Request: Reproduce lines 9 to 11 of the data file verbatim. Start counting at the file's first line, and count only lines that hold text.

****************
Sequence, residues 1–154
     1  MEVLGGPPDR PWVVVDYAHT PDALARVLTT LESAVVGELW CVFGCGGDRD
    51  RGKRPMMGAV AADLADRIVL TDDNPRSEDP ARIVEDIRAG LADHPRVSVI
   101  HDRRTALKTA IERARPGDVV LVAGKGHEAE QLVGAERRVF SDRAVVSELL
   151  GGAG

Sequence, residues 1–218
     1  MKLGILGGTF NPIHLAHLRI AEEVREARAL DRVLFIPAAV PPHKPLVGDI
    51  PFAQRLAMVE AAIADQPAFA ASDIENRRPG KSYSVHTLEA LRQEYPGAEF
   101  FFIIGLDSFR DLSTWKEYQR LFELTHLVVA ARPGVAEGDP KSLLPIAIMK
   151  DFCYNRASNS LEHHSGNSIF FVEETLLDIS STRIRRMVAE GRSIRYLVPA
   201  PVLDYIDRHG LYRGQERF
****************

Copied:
   101  FFIIGLDSFR DLSTWKEYQR LFELTHLVVA ARPGVAEGDP KSLLPIAIMK
   151  DFCYNRASNS LEHHSGNSIF FVEETLLDIS STRIRRMVAE GRSIRYLVPA
   201  PVLDYIDRHG LYRGQERF